Nijinski by The Hamburg Ballet: A Reflection

Amazing. Unreal. Incredible.

Tonight’s performance of Nijinski by the Hamburg Ballet completely blew me away. I loved the premise, I loved the narrative, I loved the design. And the dancing? Oh, the dancing!

This week at home has just been ‘one of those’. I’ve been madly helping my Mum finish preparations for her children’s clothing stall at the Mathilda Markets and we explored Home Festival at Kangaroo Point yesterday. My six month old got some strange nappy rash that required a special cream and both, yes both, of our cars broke down at the same time.

I say these things because if I was ever likely to fall asleep in a darkened theatre while watching a performance it should have been tonight! But instead I was inspired. Spellbound.

I described in a recent post the feeling of being carried away by music… How while the orchestra and opera performances I saw last week were enjoyable, I didn’t find myself lost. I did, however, lose myself in Nijinkski. Highly theatrical, combining contemporary dance, classical ballet, and an awesome stage design to boot, this has certainly been the highlight of The Hamburg Series for me.

Artists create art for many reasons. To celebrate, to challenge, to inspire, to provoke. Nijinski was all of these. Performance that requires an audience’s unwavering attention excite me! They get my mind racing, and I often find myself sitting so upright, and so rigid in my seat that I almost exhaust myself with the intensity of my observation.

Reflecting on this performance amongst all of my Hamburg experience so far is interesting. Ballet is the form with which I have had the least to do during the Series. None of the ‘Conversations’ leading up the to program were related to the Hamburg Ballet, nor their productions. I attended no rehearsals, nor had any other form of engagement with the Hamburg Ballet or the ideas that form Nijinski.

However, it is by far the event I have enjoyed the most.

Perhaps this enjoyment does actually stem from a previous ‘immersion’ in this art form. I danced as a child and studied classical ballet for six years. Which is not long in the scheme of things, but I think counts as a fair bit of ‘immersion’ by comparison to my understanding of opera and symphony. I am certain that my time spent studying ballet gives me a deeper understanding and appreciation of the form. I, like every other childhood dancer, I’m sure, watch professionals and wonder “could that have been me if I had kept up my dance training?”. And from that thought stems admiration and awe. For the skill, the control, the commitment that can be seen in every movement, through every limb, and even shooting out of pinky fingers and pinky toes.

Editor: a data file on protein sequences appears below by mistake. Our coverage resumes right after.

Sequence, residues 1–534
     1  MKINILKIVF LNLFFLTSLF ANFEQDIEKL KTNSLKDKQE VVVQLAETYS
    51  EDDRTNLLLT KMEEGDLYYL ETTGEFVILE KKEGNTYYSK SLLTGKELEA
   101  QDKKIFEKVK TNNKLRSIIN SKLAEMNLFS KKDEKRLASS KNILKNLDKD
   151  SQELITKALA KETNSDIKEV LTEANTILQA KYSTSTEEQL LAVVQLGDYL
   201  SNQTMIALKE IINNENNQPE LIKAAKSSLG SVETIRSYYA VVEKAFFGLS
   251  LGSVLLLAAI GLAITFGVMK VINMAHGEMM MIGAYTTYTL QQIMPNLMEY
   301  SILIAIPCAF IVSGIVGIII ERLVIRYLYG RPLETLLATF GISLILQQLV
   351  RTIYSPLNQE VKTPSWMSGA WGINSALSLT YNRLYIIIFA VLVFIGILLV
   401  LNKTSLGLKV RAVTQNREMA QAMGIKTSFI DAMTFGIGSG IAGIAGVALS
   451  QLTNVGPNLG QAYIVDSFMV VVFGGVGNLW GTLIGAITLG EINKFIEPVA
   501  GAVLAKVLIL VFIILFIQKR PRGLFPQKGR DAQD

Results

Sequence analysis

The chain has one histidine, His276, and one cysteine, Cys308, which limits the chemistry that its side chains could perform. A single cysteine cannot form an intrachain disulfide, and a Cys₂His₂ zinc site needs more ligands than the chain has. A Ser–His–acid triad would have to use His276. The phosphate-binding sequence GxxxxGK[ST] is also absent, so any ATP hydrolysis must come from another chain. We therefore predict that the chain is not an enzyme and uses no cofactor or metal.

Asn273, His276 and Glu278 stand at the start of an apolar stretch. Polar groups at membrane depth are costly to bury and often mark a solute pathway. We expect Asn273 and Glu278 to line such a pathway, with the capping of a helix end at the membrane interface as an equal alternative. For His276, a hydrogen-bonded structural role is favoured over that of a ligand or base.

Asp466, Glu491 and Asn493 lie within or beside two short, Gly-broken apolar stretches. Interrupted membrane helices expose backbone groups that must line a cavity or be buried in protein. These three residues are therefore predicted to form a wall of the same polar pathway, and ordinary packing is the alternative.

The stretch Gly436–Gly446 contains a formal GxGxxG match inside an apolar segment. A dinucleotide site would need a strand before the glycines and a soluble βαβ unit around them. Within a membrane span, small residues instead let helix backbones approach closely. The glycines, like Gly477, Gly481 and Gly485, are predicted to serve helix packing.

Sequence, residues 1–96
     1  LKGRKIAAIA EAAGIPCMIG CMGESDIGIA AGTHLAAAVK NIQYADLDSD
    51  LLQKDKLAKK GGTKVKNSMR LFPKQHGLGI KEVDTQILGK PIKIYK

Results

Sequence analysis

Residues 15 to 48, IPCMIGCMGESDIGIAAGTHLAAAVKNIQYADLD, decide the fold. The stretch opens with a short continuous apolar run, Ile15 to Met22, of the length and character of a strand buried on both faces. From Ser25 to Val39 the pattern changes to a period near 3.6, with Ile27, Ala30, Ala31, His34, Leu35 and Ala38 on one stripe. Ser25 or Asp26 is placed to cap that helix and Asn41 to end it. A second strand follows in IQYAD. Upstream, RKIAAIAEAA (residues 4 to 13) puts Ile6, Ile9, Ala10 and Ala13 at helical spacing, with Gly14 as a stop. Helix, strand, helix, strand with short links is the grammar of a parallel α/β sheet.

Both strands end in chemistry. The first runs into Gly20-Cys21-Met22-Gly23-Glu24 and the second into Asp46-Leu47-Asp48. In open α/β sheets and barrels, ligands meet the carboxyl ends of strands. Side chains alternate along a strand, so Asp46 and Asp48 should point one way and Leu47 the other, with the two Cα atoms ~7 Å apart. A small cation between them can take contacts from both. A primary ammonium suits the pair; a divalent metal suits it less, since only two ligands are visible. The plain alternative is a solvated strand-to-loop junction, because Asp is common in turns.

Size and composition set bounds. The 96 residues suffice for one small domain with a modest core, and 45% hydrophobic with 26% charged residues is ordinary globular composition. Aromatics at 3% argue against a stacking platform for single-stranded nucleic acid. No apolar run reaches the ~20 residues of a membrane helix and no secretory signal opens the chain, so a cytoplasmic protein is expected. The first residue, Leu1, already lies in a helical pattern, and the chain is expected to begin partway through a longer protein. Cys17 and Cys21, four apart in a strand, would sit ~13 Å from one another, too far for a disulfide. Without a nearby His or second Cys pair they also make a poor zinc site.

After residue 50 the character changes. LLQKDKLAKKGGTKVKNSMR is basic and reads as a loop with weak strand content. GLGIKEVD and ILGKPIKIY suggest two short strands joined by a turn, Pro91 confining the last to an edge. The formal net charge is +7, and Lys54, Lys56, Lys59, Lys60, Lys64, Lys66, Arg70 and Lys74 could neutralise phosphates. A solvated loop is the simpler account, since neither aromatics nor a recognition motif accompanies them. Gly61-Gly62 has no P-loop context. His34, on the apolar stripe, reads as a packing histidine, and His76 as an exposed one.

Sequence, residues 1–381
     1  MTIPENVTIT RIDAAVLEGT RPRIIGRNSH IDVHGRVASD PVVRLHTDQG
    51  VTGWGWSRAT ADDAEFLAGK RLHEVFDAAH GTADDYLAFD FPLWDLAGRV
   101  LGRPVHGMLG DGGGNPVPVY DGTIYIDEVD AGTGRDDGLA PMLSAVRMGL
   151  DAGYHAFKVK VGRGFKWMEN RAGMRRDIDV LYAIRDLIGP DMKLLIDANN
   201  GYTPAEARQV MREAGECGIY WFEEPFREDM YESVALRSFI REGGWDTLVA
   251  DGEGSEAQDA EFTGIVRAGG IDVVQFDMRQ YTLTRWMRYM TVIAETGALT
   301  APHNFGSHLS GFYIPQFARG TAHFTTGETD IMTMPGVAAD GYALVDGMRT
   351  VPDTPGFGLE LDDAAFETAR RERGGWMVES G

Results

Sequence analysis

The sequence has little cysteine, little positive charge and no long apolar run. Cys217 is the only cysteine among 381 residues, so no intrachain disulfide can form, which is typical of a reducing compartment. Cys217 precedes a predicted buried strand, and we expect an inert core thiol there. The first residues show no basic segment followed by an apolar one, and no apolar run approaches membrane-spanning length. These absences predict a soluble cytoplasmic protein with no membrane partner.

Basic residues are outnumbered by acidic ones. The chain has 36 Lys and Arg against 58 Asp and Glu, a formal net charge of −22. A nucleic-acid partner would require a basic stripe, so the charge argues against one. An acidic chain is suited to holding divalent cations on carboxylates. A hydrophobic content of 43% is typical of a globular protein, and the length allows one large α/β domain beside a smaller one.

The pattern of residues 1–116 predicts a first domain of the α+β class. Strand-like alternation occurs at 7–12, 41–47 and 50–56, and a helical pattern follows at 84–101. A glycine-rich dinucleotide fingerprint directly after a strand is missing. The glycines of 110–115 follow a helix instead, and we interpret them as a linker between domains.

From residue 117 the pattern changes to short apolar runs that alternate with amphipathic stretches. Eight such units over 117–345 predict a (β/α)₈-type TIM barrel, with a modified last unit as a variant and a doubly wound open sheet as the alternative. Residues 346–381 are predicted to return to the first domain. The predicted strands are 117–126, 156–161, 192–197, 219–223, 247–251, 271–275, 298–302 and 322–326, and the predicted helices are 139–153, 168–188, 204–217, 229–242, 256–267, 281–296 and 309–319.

And then there’s the Drama teacher in me. The lover of symbolism, of complex, episodic narratives, of conceptualism and dramatic meaning. I watched this performance almost as a teacher once more, burning images, thoughts, and interpretations in my mind so that I may discuss them with a class preparing for an analytical response.

My intellectual mind was awakened, thoughts of nappy rash and shopping lists were forgotten.

My emotional mind was reminded of stories outside those of my little family, as I experienced the emotions, the moments and the intensity of Nijinski’s story.

Just as those passionate about Wagner and Mahler insisted one must be a marble statue not to be moved by the music, I would say the same about Nijinski.

Although, while my instant summation would be adamant, “you will be moved!”, my Hamburg experience has reminded me that nothing in the Arts is absolute. Every audience member, every individual brings their own everything and nothing to a performance.

I wasn’t particularly moved by Mahler, nor by Wagner. In fact, I may have had a little cat nap. I was, however, absolutely moved by Nijinski, while the lady in the seat beside me slept quietly.

There exists so much art, for there is so much in the world. And for each of us I am sure there is art that speaks to us. That moves us, that carries us away. That ignites our minds, our emotions, our instincts.

And so I can only be thankful. To the choreographer, the performers, to QPAC, and to Nijinski himself. For this art was one for me.

On a Scale of Wagner to Vaaargner: A Night at the Opera

I’m sure there was a time in my life when I read Wagner and said “wag-ner” with a good ole Aussie twang. Now I know it’s ‘Vaaarg-ner”. I think I even tend to over-emphasise the ‘ahhh’ sound… I’m not sure where that kind of pronunciation sits on the scale of ‘Knows Vahgner’ to ‘Doesn’t know Wagner’.